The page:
Of my three children, Eddie is (currently) the only one with siblings in his birth family. Or as he puts it, he has "a brother and sister who live with me and a brother and sister who don't."
Eddie and his out-of-the-house brother and sister share a (birth) mom. The three kids are being raised in three different households, part of three different families, with three different last names, but we just call them brothers and sister. We send birthday presents and occasionally get together in person when our paths cross, much like you might with cousins. Eddie has known about each of them since they were babies.
We spent an evening with Eddie's little brother (now adorably two years
old) and his adoptive parents the other week. It was really lovely. Ever
since we connected with them in 2011 (definitely one of those heart-pounding-as-you-hit-send email moments for me when we first reached out to them), we've been getting to know one another via Facebook and a couple of in-person visits. BabyBrother's
parents are fun, generous people who we really enjoy and, frankly, it has been a giant
relief to see our relationship solidify and know that Eddie will have
that connection to do with what he wants in the far-off future.
What makes it different (or rather, one of the things which makes it different) from cousins, of course, is that while my kids share the same set of cousins, they don't share the same set of siblings. And there are some Big Feelings about that in our house at the moment. Mari thinks it is incredibly unfair that she doesn't have any siblings outside of this house but Eddie does. Meanwhile, Eddie is very proud that he has more siblings than Mari or Trey does and is not shy about sharing it. Their two stances feed off each other like some sort of snake snacking on its own tail.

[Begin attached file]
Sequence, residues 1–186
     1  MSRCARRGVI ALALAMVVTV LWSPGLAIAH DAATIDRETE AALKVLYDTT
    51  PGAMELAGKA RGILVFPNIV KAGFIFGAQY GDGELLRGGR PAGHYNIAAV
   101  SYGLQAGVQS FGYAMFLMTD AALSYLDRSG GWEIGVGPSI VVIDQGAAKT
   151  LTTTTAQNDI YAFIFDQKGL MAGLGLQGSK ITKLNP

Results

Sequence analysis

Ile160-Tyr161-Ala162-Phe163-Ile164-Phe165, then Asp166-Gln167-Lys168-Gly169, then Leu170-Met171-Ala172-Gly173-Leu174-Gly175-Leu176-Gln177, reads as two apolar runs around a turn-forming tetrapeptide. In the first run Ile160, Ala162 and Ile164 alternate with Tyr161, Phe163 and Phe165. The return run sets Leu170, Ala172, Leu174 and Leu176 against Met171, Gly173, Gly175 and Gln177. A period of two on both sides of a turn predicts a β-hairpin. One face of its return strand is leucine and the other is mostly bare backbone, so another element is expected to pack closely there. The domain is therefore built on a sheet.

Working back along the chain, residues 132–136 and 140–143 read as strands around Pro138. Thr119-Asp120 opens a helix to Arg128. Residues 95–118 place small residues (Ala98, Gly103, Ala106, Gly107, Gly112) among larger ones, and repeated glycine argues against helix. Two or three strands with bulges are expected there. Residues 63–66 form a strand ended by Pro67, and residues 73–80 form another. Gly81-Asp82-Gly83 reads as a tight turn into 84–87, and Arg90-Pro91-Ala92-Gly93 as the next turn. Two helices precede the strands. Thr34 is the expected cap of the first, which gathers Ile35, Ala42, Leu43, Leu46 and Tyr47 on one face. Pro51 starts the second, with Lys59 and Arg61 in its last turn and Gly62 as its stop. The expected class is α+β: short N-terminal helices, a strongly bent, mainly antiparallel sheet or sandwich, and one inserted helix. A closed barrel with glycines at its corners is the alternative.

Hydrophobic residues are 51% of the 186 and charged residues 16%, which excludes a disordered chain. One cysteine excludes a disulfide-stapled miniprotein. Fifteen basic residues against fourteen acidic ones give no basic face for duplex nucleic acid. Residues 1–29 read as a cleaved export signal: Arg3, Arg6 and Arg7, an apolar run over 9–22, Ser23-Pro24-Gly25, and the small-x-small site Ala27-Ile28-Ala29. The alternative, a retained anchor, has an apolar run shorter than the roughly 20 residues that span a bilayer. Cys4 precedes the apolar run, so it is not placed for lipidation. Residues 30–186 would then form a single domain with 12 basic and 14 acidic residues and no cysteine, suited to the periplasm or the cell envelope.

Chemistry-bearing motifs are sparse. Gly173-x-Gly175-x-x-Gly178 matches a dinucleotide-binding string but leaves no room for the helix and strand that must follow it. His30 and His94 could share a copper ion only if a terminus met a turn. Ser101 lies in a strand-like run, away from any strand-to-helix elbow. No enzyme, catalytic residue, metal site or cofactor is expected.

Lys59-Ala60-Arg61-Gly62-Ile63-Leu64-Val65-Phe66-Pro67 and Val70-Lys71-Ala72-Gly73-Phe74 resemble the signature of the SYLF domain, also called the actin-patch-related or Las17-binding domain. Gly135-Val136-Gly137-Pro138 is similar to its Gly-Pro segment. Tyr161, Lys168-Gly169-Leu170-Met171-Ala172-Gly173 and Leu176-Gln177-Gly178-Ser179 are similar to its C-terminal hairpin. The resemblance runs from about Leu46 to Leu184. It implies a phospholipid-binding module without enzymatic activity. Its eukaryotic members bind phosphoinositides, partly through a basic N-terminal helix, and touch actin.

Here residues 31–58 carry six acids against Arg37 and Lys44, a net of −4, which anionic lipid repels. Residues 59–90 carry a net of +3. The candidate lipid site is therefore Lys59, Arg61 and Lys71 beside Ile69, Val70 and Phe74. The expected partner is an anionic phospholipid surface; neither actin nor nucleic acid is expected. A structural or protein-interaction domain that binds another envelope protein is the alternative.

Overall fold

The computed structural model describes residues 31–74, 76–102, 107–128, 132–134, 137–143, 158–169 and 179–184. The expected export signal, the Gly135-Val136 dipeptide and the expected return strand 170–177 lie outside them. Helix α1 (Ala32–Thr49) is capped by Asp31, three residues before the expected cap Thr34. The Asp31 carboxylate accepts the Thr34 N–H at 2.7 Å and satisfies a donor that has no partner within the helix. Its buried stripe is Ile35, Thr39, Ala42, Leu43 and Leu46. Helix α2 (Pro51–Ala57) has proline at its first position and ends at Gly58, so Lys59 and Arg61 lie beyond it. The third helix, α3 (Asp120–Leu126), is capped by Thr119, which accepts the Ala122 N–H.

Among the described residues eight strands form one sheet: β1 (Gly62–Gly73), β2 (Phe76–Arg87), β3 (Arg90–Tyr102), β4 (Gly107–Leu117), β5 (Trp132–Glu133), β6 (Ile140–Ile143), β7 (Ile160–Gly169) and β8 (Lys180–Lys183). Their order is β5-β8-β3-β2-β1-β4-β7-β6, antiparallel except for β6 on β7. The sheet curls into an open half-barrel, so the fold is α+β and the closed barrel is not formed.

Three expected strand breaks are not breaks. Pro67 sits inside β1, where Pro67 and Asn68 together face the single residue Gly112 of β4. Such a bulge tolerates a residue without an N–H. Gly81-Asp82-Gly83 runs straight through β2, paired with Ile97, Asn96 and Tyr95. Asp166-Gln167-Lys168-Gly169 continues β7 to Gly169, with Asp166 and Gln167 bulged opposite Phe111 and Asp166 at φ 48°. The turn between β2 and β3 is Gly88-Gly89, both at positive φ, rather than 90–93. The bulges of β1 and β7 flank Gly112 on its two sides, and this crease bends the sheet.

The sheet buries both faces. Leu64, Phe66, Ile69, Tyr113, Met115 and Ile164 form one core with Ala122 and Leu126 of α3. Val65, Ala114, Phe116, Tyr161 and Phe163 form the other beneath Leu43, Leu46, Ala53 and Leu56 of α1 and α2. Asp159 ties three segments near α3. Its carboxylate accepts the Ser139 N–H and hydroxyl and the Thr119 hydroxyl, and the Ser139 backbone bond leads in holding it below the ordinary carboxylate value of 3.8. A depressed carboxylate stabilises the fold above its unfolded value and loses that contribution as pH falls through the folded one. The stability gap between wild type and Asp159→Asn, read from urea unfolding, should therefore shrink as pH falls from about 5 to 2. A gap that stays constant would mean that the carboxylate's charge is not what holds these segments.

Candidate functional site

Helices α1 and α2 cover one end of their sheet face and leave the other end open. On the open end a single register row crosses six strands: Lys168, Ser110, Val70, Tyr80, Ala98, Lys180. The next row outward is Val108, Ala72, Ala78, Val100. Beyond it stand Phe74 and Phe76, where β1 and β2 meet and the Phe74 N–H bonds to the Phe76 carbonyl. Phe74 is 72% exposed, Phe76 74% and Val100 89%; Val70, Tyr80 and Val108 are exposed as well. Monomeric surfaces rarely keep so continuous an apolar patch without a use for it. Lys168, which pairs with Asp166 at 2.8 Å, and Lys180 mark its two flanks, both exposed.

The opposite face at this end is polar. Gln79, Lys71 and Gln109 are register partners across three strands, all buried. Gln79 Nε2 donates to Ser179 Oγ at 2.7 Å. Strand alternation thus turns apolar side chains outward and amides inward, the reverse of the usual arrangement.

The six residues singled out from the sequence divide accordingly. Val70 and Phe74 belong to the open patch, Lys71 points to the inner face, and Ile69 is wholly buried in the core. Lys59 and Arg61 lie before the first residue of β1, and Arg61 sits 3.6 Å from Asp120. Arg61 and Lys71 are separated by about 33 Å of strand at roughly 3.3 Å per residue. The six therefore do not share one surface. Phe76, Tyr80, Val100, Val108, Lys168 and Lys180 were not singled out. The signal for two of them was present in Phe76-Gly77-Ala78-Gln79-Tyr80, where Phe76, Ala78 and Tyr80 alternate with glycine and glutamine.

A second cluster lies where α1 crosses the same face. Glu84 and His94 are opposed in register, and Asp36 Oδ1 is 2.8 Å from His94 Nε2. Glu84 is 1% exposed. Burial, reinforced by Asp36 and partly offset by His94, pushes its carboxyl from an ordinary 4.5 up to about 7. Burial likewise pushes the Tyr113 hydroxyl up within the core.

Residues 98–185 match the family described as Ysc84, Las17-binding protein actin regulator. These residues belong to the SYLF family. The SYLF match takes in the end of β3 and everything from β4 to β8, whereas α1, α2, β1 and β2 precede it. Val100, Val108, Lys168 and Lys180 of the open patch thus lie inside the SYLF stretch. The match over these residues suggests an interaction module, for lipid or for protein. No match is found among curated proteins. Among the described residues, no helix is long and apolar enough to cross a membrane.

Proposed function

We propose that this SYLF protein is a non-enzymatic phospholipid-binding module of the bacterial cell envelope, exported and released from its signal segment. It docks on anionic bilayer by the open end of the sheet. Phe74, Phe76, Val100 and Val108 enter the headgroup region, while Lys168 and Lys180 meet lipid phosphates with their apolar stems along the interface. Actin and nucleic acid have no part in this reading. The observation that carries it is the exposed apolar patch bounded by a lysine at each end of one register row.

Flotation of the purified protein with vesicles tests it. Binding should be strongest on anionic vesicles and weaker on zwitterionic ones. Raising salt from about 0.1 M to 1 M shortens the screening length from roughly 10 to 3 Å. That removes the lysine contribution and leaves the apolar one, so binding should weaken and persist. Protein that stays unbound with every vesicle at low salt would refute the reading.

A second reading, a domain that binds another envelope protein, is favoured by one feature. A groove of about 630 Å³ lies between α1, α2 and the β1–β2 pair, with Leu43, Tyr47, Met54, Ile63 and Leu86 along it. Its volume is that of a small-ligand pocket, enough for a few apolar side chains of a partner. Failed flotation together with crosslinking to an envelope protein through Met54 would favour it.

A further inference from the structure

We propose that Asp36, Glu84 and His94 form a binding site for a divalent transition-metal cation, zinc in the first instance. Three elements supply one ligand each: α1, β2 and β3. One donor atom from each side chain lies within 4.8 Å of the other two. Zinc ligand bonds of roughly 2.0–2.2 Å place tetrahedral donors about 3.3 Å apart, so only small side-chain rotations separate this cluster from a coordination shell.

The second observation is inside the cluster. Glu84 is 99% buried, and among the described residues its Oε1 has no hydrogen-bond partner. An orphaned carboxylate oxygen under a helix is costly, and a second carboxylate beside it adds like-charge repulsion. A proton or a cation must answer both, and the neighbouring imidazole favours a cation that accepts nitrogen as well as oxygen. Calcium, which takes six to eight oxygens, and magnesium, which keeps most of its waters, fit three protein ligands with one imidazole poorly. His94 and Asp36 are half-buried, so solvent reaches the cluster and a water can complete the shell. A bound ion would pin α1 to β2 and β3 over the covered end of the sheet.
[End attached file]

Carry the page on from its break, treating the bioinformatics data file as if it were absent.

"I want BabyBrother to be my brother, too!" "No, he's my brother, not yours!" "Eddie won't share his brother! Wah!"
"Hey Mari, I have sister and Trey has a sister and you don't." "Why does Eddie get to have a sister and I don't? It's not fair!" "Ha, ha! You don't have a sister!"
It's the nature of sibling rivalry to tangle over whatever is on hand, and one of those things on hand in our home is Eddie's bonus siblings. I remember talking with Todd about birth siblings back when we were going through that first adoption process, about how it was as important to us for our kids have a relational connection with any siblings as with their first parents. I definitely did not expect to be moderating the same sorts of bickering about siblings as I do about car windows and board games and crackers. But it makes sense when I think about it. Openness allows an integration of the different pieces and people that make up our children's adoptions into our daily life and right now the kids make no distinction between family connected to them by adoption and family connected to them any other way. Even if, at this stage, that means using Eddie's family as one more thing to compete over in their ongoing sibling rivalry.